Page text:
The decisions of many consumers are influenced by what they read in the newspaper or on the Internet and hear about on television or radio. It is our belief that access to effective treatment for the autism community is enhanced by accurate representations of autism treatment by these media outlets. Unfortunately, many media representations are fraught with inaccuracies. Here’s what you need to know about spotting the difference between fake and real news.
Effective treatments typically receive less press attention because their providers are often focusing on maximizing outcomes in an accountable manner rather than on soliciting media attention. They are also limited by ethics codes on how they can promote their treatment and services.
Many of you may be familiar with the Latin phrase, “Caveat Emptor,” which means “the buyer alone is responsible for checking the quality and suitability of goods before a purchase is made.” With scores of “miracle cures” and “breakthroughs” for autism receiving widespread media attention well before they have been shown to be beneficial through credible, peer-reviewed research, “Caveat Lector: Let the Reader Beware” seems to be a very suitable guiding principle across all media platforms (e.g., print, radio, television, Internet) particularly at a time when “fake news” is becoming commonplace. In other words, the reader is put in the position of being him/herself responsible for evaluating the quality and suitability of information being presented to him or her.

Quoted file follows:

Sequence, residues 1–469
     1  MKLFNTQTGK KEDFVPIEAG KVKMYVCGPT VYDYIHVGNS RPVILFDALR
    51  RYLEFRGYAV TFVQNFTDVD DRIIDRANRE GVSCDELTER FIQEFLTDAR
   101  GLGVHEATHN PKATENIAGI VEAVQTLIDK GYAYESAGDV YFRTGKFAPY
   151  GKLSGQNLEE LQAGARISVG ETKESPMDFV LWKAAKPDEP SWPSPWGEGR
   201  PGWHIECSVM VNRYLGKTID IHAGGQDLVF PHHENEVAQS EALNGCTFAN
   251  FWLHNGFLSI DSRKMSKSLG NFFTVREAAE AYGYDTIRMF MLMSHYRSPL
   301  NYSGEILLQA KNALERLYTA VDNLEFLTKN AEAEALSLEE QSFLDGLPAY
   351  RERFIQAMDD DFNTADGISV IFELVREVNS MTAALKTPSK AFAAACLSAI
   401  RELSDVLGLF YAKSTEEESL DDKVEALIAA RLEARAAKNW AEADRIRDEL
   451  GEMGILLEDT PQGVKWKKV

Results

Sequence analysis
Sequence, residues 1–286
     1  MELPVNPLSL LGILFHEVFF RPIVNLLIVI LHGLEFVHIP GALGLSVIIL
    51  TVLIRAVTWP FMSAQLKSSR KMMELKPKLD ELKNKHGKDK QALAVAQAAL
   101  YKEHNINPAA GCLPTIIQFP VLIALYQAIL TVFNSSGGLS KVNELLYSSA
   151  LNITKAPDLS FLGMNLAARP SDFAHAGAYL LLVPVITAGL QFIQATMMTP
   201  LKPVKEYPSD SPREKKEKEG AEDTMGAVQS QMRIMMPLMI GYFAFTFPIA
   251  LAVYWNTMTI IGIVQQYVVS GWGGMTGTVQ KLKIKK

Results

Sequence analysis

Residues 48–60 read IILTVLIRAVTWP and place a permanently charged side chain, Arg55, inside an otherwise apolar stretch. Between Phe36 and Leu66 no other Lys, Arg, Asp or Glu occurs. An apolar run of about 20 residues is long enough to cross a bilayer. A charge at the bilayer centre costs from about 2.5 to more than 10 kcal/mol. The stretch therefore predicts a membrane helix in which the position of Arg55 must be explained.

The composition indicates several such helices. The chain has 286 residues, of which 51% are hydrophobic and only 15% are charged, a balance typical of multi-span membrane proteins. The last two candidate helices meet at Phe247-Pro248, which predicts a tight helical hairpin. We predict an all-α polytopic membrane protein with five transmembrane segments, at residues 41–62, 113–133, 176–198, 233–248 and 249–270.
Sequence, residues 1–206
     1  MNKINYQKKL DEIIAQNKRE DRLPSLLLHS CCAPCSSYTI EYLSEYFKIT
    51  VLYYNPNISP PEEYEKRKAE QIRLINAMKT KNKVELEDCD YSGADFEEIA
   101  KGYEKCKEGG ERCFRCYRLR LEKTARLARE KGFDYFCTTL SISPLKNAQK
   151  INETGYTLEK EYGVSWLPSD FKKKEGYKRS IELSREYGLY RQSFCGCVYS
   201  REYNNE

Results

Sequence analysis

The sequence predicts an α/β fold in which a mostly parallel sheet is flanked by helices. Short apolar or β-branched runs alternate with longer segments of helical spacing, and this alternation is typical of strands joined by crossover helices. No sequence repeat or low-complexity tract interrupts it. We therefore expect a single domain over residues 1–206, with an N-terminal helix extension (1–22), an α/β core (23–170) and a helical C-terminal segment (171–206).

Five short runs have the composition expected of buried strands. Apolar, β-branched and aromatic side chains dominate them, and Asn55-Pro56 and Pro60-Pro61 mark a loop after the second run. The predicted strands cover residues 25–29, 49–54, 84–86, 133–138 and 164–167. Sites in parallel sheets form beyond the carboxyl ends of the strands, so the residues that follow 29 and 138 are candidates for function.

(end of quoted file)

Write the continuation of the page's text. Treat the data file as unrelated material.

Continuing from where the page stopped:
As a consumer, you bear a responsibility to scrutinize sensational claims related to various autism treatments and to be knowledgeable enough to consider such stories through a skeptical lens. We wish you did not need to work so hard to differentiate good information from bad, but that is the sad reality of autism treatment today, with 500+ treatments being touted. Unfortunately, many writers and journalists are not well versed in research methods, unless they specifically write about science, which is a very small portion of all individuals writing about autism out there. With all this in mind, when reading or hearing about an autism story in the media, please consider the following questions: